See more from this Division: Topical Sessions
See more from this Session: Assessment of Speleothem Paleoenvironment Proxies Using Studies in Modern Karst Systems
A multiyear monitoring study in a central Texas cave indicates that different processes control vadose dripwater compositions at three different groups of drip types in the same cave. Group 1 (n=4) sites exhibit negative covariations between drip rate and dripwater Mg/Ca and Sr/Ca, and positive covariations with Sr isotope value. Drip rate variations at these sites are characteristic of conduit flow paths. Group 2 (n=3) sites are characterized by strong seasonal geochemical changes, with peak Mg/Ca and Sr/Ca and low Ca concentrations in the winter. Drip rate variability is indicative of diffuse flow paths, with no correspondence between drip rate and dripwater geochemisty. Group 3 (n=2) sites exhibit limited geochemical, physical or temporal correlation.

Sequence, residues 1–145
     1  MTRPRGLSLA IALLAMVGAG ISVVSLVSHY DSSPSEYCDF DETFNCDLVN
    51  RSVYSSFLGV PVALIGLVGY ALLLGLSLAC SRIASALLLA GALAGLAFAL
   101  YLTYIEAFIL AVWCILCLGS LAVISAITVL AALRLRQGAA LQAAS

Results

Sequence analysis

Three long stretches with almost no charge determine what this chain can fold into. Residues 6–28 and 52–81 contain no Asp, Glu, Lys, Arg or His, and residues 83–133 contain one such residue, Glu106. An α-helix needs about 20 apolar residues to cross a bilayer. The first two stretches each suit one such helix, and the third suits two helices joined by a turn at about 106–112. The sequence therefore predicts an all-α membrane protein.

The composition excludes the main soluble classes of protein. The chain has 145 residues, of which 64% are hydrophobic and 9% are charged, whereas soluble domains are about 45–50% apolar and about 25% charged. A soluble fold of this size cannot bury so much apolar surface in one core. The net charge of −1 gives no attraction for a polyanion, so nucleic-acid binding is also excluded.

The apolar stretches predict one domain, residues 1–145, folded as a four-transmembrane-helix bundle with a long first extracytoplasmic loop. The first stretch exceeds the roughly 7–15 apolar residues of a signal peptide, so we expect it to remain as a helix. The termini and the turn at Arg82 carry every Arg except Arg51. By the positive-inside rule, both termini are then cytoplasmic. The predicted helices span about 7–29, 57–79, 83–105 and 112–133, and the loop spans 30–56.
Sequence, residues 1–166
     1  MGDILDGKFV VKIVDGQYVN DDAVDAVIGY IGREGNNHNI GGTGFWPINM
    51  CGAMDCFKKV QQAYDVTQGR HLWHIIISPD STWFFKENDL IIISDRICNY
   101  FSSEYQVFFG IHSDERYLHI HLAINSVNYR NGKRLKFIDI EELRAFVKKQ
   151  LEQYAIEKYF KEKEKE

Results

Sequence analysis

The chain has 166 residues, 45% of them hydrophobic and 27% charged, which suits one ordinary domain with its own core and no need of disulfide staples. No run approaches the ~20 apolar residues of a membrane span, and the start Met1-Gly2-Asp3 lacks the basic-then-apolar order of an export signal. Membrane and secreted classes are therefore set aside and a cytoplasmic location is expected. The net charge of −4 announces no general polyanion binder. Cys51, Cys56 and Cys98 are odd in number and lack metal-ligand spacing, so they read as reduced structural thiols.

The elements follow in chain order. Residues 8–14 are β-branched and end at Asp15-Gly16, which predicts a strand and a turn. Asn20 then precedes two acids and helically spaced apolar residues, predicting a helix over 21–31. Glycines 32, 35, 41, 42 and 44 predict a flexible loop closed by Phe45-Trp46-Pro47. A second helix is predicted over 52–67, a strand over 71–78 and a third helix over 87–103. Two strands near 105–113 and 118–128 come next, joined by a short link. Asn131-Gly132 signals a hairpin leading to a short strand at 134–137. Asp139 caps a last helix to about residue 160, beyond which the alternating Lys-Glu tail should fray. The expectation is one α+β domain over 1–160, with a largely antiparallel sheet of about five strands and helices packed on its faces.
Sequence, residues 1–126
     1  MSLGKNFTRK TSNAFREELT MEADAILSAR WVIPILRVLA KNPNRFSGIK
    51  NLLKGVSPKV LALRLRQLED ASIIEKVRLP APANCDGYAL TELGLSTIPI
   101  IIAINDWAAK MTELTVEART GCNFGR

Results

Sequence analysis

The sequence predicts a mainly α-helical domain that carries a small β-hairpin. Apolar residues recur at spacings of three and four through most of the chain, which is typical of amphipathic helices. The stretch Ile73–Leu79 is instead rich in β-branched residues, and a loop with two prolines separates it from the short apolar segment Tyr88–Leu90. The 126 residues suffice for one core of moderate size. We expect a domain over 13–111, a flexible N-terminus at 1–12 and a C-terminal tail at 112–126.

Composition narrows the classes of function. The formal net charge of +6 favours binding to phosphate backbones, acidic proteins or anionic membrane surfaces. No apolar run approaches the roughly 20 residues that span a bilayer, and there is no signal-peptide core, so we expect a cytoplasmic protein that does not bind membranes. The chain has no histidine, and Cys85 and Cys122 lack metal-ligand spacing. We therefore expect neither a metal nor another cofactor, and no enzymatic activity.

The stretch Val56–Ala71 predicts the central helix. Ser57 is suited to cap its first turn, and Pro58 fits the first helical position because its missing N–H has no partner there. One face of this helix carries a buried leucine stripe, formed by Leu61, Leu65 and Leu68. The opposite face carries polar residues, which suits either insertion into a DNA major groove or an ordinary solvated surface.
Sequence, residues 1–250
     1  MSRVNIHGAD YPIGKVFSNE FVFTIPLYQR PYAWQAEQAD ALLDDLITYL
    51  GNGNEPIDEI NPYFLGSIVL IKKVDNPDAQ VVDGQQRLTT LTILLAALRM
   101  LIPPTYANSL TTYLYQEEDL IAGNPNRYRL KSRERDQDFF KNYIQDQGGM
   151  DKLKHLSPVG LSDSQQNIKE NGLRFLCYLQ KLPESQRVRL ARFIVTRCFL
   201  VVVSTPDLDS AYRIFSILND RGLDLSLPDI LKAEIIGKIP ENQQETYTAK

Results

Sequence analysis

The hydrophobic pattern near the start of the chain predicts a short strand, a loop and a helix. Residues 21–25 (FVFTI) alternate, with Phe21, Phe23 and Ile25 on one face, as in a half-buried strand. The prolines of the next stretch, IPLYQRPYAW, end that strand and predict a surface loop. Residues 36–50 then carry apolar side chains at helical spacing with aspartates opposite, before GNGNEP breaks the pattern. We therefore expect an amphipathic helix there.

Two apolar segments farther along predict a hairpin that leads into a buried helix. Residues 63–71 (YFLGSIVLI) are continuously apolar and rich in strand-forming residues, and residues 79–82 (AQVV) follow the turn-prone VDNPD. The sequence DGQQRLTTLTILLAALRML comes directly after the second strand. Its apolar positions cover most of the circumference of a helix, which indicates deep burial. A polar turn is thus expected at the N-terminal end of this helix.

To assess the controls on dripwater geochemistry, we apply mass balance modeling of rock-water interaction (i.e., dissolution-reprecipitation processes involving carbonate and evaporite minerals comprising host Cretaceous carbonate rocks) and calcite precipitation within the cave. Group 1 variations can be accounted for by changes in the extent of rock-water interaction governed by changes in water residence times during and following rain events. Group 2 variations require multiple processes of rock-water interaction and calcite precipitation to account for the trace element and isotopic changes. Seasonal changes in the amount of calcite growth that can account for the increased dripwater Mg/Ca and Sr/Ca in the winter, is experimentally observed in this cave. This growth is driven by seasonal ventilation of cave-air CO2, and suggests that trace element variations in speleothems at Group-2-like sites could be indicators of seasonal banding. Group 3 sites may reflect a complex interplay between soil ion exchange processes, host rock-water interaction, and in-cave processes. The results of this study provide insight on the processes controlling the geochemical evolution of vadose karst waters and can be applied toward uncoding the paleoclimate signals recorded in speleothems.